A recent IPSOS analytics report titled Don’t Gamble on Advertising Effectiveness: Lessons From Sports Betting Ads provides some important lessons that sports betting operators should consider when developing their advertising strategy. The report examines ways in which brands can differentiate themselves and establish strong connections with their target audience.
Dering shared with the SBC that this study took a considerable amount of time to complete and was largely based on his personal experience of watching TV commercials for sports gambling.
He said: «I watch a lot of sports, and something that became really apparent was that viewers were being inundated with so many different ads for different gambling brands. These companies are just trying to get their names out there, right? But my thought was ‘surely people are getting annoyed by this’.
Using the Creative Spark solution, which measures thoughts, feelings and emotions, IPSOS conducted a study that analyzed six advertisements from various brands.
Doering continued: «What we discovered through this method is that people did enjoy the ads, to a certain degree, especially those ads that featured celebrities. But across the board, our hypothesis was confirmed – very few, if any, could link back to the correct brand. Companies were not getting the credit for their ads.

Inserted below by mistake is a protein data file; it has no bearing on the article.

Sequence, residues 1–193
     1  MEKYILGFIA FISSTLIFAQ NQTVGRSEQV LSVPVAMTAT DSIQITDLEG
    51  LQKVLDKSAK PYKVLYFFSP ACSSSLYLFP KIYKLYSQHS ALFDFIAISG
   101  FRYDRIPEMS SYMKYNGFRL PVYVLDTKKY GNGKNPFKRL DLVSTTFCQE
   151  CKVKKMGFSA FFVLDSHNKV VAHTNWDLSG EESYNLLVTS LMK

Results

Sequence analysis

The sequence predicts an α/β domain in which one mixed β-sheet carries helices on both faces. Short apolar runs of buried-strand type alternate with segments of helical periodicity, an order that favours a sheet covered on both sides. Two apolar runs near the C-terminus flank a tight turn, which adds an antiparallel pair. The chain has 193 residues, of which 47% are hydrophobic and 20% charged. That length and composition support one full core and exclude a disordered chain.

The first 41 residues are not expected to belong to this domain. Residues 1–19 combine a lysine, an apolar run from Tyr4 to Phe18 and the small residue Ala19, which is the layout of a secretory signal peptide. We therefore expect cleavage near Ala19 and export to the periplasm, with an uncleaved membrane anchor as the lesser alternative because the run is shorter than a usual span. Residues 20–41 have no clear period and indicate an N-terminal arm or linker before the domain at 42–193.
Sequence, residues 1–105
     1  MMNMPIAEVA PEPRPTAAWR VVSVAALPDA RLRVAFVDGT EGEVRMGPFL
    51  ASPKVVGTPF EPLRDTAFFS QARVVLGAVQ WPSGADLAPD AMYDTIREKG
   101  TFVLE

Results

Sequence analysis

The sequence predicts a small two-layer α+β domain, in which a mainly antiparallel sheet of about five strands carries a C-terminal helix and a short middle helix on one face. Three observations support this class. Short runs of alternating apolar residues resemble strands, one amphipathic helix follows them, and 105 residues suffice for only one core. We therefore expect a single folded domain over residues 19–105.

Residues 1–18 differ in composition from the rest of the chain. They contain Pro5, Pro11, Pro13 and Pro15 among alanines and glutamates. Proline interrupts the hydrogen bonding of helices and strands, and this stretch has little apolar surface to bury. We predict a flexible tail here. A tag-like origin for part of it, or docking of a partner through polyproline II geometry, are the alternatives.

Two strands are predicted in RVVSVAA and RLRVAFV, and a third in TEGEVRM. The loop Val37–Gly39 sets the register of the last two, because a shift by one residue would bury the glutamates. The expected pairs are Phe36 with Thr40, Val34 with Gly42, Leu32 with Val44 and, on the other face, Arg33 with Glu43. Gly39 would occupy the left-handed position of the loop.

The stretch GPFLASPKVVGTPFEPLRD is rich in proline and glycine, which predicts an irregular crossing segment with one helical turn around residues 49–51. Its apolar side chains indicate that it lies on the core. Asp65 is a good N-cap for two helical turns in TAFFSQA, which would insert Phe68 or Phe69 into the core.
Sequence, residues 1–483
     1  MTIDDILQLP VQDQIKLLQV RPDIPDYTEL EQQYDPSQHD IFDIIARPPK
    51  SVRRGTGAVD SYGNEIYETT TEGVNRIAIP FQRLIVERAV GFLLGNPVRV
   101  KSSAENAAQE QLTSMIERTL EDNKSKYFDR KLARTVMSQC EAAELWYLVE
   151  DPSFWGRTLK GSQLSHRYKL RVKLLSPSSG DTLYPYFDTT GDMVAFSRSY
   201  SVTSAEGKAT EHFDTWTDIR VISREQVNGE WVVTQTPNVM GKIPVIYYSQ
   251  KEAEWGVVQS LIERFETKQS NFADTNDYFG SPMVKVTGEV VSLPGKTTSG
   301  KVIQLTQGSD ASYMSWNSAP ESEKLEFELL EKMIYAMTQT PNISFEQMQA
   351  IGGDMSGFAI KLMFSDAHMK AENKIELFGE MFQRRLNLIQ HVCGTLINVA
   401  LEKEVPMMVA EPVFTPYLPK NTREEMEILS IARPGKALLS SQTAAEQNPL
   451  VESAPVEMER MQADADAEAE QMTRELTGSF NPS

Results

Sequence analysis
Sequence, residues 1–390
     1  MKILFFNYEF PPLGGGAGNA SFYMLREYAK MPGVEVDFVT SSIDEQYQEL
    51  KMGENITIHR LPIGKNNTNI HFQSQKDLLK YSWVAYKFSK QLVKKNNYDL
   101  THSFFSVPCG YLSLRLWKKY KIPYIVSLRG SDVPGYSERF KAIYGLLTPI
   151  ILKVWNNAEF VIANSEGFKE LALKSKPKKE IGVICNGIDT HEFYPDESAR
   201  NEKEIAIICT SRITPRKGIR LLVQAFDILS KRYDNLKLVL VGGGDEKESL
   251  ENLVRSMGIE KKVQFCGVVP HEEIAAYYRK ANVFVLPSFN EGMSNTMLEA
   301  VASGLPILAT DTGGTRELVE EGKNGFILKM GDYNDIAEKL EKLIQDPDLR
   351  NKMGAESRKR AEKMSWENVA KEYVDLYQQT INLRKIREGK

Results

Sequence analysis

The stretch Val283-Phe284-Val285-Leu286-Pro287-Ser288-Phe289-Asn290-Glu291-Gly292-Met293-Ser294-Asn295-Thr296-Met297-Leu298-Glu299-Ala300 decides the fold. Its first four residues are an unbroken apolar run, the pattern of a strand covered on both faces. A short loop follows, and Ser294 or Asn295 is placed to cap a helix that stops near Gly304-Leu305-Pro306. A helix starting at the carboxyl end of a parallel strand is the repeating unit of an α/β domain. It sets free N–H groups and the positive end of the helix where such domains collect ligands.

«When we did some social intelligence work to gain some insight into what people were saying about these types of ads in Ontario, we found that people were annoyed with the frequency of ads. Those consumers not understanding what brand each advert was from contributed to that annoyance, because it just seemed like a string of the same ads all at once».
The study revealed one of the conclusions — irritation from a large number of advertising. However, the most significant lesson, Dering noted, is the huge potential for brands to create stronger branding that reaches all consumers. It has become apparent that many consumers enjoy ads but have difficulty linking specific frames to a particular brand, which means that gambling companies are not getting the recognition they want for their brand.
Unsurprisingly, another significant finding was that celebrity ads tend to increase brand recall.
However, when establishing a partnership with a celebrity for any advertising campaigns, their relevance must be considered. This conclusion was made particularly clear by a meta-analysis conducted by IPSOS.
The research company analyzed its North American database of more than 2,000 ads to determine what impact, if any, the use of celebrities in ads has on brand association.
There is a risk of celebrity endorsements being overused in the gambling industry, which can result in consumers not being able to clearly identify which brand is endorsed by a given celebrity.
During the celebrity discussion, Morash highlighted the changing public perception and attitude towards brand ambassadors in general. He explained that this is a hot topic of public discussion that has attracted attention over the past few months.